Berlin – Schöneweide

1943 was the year when the German armies lost initiative in the war and its main task was to defend conquered areas. This required a total effort by the German people and society, a total war as Goebbels put it. This meant that Germans who worked in the war industry were called in for military service and these were replaced by forced labor. Responsibility for the recruitment of forced labourers was entrusted to Fritz Sauckel (Generalbevollmächtigter für den Arbeitseinsatz). Sauckel’s task was to forcibly deport people from occupied countries and put them to work in German war industries. The forced labourers were put in special camps (Zwangarbeitslager) which were set up near existing industries where they were forced to work. One such camp was camp 75/76 in Berlin-Schöneweide. The camp consisted of 13 barracks. After the war, the barracks were taken over by the Soviet Red army, which until the mid-nineties used them as storages. They were then handed over to the city of Berlin.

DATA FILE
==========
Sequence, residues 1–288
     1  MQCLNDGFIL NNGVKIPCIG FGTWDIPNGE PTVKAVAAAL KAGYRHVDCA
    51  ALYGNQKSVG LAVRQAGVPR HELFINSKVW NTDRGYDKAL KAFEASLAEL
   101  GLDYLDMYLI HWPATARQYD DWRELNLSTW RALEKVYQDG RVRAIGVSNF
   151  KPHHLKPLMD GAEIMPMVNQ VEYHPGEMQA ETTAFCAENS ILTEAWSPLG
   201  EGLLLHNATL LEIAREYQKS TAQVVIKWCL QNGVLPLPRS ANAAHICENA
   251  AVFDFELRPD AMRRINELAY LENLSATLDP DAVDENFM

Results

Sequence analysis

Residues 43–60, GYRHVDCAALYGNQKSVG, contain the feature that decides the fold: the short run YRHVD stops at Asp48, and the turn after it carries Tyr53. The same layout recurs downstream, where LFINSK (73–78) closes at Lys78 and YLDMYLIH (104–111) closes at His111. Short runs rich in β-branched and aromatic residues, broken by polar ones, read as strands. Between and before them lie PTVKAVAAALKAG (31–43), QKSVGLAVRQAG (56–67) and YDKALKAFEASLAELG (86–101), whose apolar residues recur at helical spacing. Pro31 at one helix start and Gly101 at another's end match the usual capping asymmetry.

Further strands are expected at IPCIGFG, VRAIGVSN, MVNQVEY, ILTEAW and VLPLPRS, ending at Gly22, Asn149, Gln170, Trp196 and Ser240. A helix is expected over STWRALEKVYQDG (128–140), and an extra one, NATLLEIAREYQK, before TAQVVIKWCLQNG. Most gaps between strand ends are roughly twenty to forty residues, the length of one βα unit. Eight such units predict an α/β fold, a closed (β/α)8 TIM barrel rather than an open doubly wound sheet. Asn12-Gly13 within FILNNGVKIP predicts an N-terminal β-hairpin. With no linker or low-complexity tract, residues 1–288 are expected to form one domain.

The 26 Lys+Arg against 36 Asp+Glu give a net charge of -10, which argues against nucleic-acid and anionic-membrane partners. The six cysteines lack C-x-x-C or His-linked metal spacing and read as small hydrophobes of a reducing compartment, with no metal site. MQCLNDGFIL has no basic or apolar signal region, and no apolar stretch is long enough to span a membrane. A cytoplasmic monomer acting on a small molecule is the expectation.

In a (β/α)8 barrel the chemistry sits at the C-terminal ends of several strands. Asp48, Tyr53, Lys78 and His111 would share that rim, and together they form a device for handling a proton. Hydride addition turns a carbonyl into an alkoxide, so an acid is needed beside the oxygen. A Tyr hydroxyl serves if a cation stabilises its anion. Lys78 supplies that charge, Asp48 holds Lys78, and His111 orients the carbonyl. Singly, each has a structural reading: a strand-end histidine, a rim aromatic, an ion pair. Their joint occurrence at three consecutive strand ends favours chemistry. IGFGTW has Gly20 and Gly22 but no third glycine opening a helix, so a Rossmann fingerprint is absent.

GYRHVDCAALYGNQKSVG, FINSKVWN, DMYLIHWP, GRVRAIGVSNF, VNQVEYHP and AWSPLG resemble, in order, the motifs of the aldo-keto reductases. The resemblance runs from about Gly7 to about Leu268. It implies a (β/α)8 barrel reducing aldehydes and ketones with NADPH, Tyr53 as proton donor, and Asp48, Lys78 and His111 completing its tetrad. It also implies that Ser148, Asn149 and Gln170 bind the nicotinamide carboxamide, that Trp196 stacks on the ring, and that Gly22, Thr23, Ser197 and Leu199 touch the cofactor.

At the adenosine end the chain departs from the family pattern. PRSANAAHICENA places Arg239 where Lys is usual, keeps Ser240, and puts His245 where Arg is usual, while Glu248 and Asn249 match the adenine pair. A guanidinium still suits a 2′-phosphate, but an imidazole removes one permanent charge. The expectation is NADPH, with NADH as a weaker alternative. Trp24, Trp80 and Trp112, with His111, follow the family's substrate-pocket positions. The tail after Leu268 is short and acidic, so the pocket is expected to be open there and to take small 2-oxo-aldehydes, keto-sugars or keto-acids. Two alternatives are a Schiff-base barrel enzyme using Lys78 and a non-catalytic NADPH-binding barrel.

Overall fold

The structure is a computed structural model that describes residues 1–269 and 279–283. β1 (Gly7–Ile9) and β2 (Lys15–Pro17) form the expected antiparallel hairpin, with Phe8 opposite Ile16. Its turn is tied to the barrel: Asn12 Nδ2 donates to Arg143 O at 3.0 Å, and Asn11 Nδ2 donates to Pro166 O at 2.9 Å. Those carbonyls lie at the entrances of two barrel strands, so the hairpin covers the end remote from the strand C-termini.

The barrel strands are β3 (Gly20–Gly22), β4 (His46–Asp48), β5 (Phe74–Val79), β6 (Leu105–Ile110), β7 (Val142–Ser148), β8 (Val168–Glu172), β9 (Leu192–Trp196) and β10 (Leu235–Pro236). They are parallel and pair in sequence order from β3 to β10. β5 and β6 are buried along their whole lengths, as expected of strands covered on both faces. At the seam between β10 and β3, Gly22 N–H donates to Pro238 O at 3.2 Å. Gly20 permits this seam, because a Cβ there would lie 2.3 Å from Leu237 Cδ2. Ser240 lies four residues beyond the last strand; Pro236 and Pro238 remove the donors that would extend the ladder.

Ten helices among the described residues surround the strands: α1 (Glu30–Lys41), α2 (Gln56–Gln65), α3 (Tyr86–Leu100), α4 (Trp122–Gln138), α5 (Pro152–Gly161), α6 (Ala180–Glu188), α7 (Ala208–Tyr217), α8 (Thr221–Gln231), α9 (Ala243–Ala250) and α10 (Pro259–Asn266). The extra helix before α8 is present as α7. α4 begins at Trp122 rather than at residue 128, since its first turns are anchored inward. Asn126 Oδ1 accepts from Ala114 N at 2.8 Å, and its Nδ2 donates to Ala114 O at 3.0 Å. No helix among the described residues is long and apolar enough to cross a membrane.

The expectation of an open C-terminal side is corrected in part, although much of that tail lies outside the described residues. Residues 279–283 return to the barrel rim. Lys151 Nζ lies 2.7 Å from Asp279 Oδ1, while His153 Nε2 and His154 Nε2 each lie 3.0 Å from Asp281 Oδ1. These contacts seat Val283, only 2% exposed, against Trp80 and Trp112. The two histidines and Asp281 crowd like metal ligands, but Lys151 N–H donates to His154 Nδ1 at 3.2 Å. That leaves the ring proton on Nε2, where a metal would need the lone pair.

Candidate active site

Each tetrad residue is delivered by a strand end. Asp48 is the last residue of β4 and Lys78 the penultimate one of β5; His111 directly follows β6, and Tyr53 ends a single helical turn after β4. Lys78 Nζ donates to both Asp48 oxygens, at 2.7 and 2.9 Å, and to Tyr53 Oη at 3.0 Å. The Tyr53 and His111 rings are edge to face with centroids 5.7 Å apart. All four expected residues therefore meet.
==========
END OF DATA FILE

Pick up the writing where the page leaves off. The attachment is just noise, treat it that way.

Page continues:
Current status: Preserved with museum (2008).

Address: Britzer Strasse 5, 12439 Berlin.

Get there: Commuter train to Schöneweide Station.

My comment:

A pretty small and unknown museum that probably doesn’t attract to many visitors but well worth a visit.

Follow up in books: Ulrich, Herbert: Hitler’s Foreign Workers: Enforced labor in Germany under the Third reich (2006).